Meet Booth second year, Nisha Saboo! She is a female entrepreneur who is taking the fashion tech world by storm and one to watch. Learn more about Nisha and her journey below.
Can you tell me a little about yourself and what brought you to Booth?
Absolutely! I started my career as a CPA at Deloitte working as a Tax Consultant in their Corporate Tax division. I learned a lot of my professional soft skills from here, but realized that this was not where my passion lay. I wanted to be in fashion.
I’ve always loved clothing, trends, and designing—but didn’t know how I could make an impact in this space. That’s when I landed a job in NYC at Macy’s as a Buyer in their Men’s Active clothing division. I got to work with some of the best brands in the world, including Nike, Adidas, Under Armour, and Puma. In that role, I managed $150M of annual business and was responsible for the product assortment for all 520 Macy’s locations and the ecommerce business, pricing cadences, financial modeling, marketing, digital strategies, and overall account relationship. I wore many hats. This was my first taste of what it was like to be an entrepreneur, but under a corporate umbrella…and I loved it!
That’s when I realized I wanted to start something of my own and really immerse myself in the startup ecosystem. This is why I chose Booth. The New Venture Challenge (NVC) was a bucket list opportunity when I first came to Booth and dreamed about starting my own company. Also, Booth’s flexible curriculum was essential to allowing me to take some key entrepreneurship classes in my first year and expand my understanding of the space. The mentorship from professors and insights I got from all the other Boothies here have been pivotal to shaping my company Aina—and I’m forever grateful.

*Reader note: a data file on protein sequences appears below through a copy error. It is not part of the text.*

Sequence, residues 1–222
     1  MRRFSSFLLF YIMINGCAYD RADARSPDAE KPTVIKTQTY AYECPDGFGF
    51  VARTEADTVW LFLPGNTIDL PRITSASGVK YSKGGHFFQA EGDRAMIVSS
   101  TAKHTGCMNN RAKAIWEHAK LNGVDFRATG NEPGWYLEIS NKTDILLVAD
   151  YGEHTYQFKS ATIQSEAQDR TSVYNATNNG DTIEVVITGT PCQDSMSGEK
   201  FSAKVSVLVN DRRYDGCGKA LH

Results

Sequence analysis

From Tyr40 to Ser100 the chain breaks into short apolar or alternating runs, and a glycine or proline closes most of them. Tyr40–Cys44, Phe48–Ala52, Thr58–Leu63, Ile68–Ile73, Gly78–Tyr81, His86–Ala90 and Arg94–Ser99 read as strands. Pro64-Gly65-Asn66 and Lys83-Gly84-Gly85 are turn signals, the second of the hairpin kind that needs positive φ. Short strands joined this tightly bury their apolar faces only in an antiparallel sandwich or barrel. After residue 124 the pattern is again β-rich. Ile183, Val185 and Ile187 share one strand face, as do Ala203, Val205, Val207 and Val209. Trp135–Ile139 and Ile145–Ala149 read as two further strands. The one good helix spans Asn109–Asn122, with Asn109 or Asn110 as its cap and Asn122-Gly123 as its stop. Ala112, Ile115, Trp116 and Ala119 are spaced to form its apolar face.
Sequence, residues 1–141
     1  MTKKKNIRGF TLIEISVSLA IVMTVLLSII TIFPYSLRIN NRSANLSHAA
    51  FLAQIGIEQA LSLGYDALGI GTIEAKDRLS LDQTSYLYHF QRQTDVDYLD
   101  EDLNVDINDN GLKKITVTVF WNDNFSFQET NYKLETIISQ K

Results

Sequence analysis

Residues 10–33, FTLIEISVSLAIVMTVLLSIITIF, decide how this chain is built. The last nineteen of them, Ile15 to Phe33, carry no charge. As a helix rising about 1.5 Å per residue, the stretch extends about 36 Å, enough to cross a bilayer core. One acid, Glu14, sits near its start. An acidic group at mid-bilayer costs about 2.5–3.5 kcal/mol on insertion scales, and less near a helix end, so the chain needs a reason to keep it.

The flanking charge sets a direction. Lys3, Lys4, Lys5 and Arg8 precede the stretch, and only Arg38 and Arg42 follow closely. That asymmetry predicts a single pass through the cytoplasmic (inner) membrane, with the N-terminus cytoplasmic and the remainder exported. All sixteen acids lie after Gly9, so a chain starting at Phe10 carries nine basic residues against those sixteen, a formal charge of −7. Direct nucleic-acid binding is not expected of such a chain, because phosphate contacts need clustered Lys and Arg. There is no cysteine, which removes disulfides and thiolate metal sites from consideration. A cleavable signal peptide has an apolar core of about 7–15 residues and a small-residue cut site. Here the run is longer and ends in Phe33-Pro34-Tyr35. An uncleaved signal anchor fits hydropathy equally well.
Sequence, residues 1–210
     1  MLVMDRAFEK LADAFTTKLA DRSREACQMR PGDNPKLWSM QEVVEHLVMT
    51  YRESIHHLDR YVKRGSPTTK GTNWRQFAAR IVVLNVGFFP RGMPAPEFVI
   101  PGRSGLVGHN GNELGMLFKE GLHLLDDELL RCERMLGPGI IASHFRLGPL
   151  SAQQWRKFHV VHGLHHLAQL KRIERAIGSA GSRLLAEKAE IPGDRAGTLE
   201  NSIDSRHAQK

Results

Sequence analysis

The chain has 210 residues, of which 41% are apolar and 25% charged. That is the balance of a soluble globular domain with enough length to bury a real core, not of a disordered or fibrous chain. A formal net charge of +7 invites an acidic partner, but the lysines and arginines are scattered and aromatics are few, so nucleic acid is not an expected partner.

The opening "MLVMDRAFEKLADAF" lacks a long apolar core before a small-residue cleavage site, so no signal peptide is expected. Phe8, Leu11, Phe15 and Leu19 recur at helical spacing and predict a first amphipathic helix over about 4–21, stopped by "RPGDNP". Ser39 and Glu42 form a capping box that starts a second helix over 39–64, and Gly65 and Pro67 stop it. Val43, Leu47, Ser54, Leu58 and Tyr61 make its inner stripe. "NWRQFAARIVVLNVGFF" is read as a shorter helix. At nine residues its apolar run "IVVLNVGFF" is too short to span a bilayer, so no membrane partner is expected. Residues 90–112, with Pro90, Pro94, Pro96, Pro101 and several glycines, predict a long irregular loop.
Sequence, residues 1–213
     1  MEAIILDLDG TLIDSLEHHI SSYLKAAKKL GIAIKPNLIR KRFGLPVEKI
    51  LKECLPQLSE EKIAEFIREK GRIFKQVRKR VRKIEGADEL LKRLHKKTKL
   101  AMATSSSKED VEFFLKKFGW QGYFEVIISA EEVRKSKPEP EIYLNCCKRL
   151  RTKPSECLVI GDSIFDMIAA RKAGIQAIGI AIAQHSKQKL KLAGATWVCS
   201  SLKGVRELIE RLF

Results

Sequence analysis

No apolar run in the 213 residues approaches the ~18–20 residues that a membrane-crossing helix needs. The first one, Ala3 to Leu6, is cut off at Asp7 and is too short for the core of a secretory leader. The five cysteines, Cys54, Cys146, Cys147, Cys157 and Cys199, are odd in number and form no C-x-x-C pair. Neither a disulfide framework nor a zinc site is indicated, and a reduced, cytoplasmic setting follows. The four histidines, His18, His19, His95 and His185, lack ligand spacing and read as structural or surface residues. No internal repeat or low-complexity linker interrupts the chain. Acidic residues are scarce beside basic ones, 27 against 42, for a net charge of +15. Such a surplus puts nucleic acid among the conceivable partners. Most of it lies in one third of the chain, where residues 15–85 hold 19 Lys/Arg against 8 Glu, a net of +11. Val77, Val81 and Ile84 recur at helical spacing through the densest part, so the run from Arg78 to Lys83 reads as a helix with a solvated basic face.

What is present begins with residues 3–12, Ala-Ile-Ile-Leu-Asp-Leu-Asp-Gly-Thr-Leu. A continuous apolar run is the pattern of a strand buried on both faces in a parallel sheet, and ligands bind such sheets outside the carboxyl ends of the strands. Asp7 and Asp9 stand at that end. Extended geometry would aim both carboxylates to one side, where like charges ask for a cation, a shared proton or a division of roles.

When did you know you wanted to be an entrepreneur? Has that always been your goal?
Macy’s really inspired me to not only want to be an entrepreneur, but I also saw firsthand a lot of the inefficiencies in retail. I then got another taste of entrepreneurship when I started my ecommerce clothing line, NS2, in 2020 with my brother Nikhil. We hand-dyed clothing and donated a portion of the proceeds to small businesses, and COVID and BLM efforts. Each item was unique—the colors we used for each item were inspired by pictures of our own memories of times, people, or places that were meaningful to us. We wanted to share a part of our story during a time when many people felt very isolated and unconnected. NS2 showed me how something like clothing can create community, and how I could use retail to impact those around me. Because of these experiences, Aina came to life.
What was the inspiration behind the name and concept of Aina?
Aina is an application that helps shoppers find their right size when shopping for clothing. We have 2 parts to our technology: (1) we are a size recommendation tool, and (2) we have a live virtual fitting room. Using Aina, shoppers can virtually try on product using Augmented Reality technology and see how it will fit their bodies, down to a size-level accuracy. Clothing retailers, just like Macy’s and NS2, can integrate our technology directly on their websites to host our sizing solution.
We started Aina from seeing the struggles of sizing on not only the shopper, but also the retailer. Sizing is not standard across the industry—you can be a certain size in one brand, and a completely different size in another. This leaves shoppers in a constant state of guessing, and retailers left with high return costs and missed sales opportunities. I saw this impact while working at a large retailer like Macy’s, but also on my small e-commerce line of NS2, where shoppers of all types were asking the same question: What size should I buy? So, we created Aina to answer just that.
For the name—Aina means mirror, view, and sight in Hindi, Arabic, and Latvian respectively. Aina also starts with “AI”, referring to Artificial Intelligence, which is core to our technology. The combination just felt right.